Turmeric — Curcumin an Anti-Inflammatory Superfood

Amanda Filipowicz
Sep 3, 2018 · 21 min read

Turmeric, the earthy herb of the sun, the golden spice of life this perennial root is native to Southeast Asia it is one of the most precious gifts from nature, used as a spice, food preservative, colouring agent and cosmetic. It is peppery, pungent, earthy, warm and bitter and today it is grown around the world, in India, Indonesia, Bangladesh, Pakistan, Thailand, South America and throughout the Carribean. Curcumin is the main active medicinal component in turmeric and is most plentiful in the root of the turmeric plant. Curcumin has anti-inflammatory properties that are beneficial for a number of ailments.

Health Benefits

Side Effects

  • Nausea
  • Dizziness
  • Upset Stomach

Interactions

Consult your local physician if you are uncertain about whether you should take turmeric

Dosage

  • Children under 15: Turmeric is commonly consumed worldwide as it is a whole food. For clinical curcumin doses consult your local physician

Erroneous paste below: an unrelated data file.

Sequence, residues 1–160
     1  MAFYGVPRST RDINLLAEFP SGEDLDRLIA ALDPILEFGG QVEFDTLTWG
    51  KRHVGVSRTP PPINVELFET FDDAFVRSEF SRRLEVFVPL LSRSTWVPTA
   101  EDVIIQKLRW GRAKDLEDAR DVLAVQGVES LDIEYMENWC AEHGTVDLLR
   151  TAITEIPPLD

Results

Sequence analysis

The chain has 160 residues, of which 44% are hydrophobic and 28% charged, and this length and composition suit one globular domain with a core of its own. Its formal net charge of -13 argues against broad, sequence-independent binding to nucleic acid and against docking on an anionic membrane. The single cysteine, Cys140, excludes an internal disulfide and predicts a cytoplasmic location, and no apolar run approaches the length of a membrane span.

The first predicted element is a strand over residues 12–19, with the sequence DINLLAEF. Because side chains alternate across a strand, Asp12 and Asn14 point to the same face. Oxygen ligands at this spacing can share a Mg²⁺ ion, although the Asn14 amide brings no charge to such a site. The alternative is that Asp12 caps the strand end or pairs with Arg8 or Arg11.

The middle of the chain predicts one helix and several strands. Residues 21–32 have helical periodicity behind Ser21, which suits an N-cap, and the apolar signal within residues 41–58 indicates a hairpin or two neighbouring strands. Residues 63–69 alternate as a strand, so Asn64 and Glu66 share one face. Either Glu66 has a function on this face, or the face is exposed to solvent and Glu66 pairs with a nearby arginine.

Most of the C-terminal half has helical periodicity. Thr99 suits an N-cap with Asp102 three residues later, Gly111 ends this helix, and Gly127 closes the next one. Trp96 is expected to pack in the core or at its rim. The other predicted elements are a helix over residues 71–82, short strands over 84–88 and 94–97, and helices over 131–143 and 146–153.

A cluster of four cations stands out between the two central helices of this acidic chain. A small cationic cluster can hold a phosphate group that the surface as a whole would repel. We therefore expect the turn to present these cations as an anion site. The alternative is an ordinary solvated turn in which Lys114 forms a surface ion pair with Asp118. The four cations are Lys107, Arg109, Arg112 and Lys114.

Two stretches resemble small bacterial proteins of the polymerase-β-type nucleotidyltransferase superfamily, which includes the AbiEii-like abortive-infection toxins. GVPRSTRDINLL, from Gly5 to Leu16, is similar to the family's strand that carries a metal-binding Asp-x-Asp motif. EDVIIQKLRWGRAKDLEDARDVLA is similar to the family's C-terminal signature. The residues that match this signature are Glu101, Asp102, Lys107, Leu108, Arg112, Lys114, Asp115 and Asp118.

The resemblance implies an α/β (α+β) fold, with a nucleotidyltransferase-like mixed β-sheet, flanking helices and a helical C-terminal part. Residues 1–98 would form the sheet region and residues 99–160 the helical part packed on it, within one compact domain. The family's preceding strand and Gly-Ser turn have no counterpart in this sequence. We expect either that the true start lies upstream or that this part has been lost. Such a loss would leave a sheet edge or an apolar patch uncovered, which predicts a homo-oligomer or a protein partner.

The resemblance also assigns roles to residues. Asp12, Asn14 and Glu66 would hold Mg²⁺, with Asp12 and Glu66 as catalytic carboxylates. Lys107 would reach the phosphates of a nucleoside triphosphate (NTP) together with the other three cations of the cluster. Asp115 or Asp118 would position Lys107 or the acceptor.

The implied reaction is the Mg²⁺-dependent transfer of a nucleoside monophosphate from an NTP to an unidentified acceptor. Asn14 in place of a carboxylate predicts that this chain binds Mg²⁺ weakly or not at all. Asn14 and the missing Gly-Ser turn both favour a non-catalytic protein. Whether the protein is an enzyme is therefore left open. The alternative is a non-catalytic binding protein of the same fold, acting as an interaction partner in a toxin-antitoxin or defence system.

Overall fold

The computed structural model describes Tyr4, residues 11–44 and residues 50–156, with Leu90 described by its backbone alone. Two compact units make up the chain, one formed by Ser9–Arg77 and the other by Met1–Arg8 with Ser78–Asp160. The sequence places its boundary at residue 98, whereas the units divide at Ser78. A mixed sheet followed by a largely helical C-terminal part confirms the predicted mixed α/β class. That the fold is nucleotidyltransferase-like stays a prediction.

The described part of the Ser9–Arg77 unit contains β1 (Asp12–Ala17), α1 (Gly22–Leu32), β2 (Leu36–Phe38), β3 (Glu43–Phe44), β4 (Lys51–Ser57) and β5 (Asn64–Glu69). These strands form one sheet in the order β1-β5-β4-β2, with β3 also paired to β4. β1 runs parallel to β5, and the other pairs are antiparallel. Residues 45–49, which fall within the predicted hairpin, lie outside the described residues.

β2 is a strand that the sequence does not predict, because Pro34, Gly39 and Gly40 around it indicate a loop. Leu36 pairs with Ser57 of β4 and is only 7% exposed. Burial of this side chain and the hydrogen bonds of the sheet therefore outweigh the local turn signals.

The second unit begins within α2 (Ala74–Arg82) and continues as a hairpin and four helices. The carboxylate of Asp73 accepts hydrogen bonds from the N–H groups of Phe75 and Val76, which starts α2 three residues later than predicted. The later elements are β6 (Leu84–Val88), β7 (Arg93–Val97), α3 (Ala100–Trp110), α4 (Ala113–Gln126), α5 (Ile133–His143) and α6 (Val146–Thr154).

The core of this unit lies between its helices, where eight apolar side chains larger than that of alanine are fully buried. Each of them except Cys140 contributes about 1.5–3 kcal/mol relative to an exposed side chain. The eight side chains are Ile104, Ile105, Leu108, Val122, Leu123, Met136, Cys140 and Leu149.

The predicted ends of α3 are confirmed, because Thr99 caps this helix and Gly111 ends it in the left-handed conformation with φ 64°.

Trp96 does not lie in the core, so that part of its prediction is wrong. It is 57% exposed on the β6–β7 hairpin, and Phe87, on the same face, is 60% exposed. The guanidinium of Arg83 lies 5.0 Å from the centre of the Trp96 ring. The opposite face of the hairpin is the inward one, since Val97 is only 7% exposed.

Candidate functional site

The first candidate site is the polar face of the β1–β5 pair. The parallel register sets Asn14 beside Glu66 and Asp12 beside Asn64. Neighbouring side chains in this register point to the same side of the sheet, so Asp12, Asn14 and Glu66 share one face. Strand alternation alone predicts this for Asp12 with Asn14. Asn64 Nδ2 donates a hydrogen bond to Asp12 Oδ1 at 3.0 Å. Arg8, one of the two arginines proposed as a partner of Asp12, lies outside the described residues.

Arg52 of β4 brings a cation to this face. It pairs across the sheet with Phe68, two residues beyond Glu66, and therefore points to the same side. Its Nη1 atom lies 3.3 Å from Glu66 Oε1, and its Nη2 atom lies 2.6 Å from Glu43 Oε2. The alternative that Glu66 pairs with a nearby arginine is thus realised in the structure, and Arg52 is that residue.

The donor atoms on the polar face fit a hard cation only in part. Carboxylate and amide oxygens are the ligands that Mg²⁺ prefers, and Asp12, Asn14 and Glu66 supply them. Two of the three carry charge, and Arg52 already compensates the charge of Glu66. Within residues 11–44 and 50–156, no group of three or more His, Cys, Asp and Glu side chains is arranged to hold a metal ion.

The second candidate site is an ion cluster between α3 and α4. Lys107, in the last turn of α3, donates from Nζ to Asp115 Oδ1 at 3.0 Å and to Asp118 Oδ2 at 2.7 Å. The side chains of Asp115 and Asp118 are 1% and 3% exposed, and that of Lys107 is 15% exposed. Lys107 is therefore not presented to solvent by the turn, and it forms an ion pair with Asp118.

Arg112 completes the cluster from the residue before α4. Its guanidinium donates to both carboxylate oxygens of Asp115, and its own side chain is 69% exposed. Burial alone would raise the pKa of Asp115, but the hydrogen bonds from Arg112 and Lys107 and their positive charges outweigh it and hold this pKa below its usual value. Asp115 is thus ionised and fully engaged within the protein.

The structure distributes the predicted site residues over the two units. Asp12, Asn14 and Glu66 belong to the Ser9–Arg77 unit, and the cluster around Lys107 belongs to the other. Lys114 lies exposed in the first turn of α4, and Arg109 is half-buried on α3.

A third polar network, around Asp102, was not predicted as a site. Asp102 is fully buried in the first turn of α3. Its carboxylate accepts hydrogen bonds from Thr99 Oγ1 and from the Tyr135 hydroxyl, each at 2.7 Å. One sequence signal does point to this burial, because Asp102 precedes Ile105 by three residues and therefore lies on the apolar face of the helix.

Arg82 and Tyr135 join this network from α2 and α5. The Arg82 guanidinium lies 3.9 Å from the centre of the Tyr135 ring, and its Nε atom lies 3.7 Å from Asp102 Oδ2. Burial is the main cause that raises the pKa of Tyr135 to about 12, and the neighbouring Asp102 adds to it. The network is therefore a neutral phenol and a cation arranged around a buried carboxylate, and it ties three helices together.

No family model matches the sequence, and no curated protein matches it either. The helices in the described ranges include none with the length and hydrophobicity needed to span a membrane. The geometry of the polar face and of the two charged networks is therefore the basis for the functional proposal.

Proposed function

Culinary/Dietary

Nutritional Constituents

Self Care

Turmeric a History

It is in India where it was first used as a dye for textiles. Its earliest noted use as a medicinal plant in Ayurvedic treatment was in 250 BC, where it was used to cure ailments that resulted from poisoning. It would eventually become a very important medicinal herb in both the Ancient Greek Unani and Indian Siddha medicinal practices. turmerics voyage out of India began around 300 BC when Alexander the Great entered diplomatic relations with several Indian states. From there it moved into Greece and further along the Spice Route eventually making its way into China in 700 AD. Turmeric enters Eastern Africa in 800 AD, the west of Africa in 1200 AD and it sailed across the ocean to land in Jamaica in the 18th century.

Turmeric influenced each society it arrived in, differently. Its principle medicinal properties may have in one way or another been translated and passed on to its new users, however, its culinary influence is distinct in each case. Traditionally in India, it was used as a cure-all for coughs, colds, sore throat, asthma, peptic ulcers and dyspepsia. They used it to rid the body of worms and as a topical paste to apply to the skin to reduce inflammation and aid in the healing of measles, chicken pox and smallpox. In the Greek Unani medicinal practice it was used as a blood purifier, aid for the cardiovascular system as well as a cleanser for the liver. Siddha used turmeric for its antioxidant benefits, boosting the immune system and revitalizing the body.

Classification and Cultivation